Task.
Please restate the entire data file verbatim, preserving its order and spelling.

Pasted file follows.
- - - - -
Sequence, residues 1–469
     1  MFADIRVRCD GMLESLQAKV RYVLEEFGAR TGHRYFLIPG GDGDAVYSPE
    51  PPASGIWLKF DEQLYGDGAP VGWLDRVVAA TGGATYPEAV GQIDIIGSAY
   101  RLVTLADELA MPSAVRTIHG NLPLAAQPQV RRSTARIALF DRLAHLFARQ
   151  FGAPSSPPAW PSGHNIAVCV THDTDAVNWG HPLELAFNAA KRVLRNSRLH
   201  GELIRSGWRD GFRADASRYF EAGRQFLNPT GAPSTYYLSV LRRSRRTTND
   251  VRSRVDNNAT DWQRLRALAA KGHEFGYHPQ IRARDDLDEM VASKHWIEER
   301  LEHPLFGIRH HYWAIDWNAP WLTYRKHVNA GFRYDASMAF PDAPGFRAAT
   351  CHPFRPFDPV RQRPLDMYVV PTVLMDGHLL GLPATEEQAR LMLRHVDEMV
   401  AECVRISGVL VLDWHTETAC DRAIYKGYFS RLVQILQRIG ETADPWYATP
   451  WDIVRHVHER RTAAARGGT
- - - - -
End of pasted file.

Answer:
Sequence, residues 1–469
     1  MFADIRVRCD GMLESLQAKV RYVLEEFGAR TGHRYFLIPG GDGDAVYSPE
    51  PPASGIWLKF DEQLYGDGAP VGWLDRVVAA TGGATYPEAV GQIDIIGSAY
   101  RLVTLADELA MPSAVRTIHG NLPLAAQPQV RRSTARIALF DRLAHLFARQ
   151  FGAPSSPPAW PSGHNIAVCV THDTDAVNWG HPLELAFNAA KRVLRNSRLH
   201  GELIRSGWRD GFRADASRYF EAGRQFLNPT GAPSTYYLSV LRRSRRTTND
   251  VRSRVDNNAT DWQRLRALAA KGHEFGYHPQ IRARDDLDEM VASKHWIEER
   301  LEHPLFGIRH HYWAIDWNAP WLTYRKHVNA GFRYDASMAF PDAPGFRAAT
   351  CHPFRPFDPV RQRPLDMYVV PTVLMDGHLL GLPATEEQAR LMLRHVDEMV
   401  AECVRISGVL VLDWHTETAC DRAIYKGYFS RLVQILQRIG ETADPWYATP
   451  WDIVRHVHER RTAAARGGT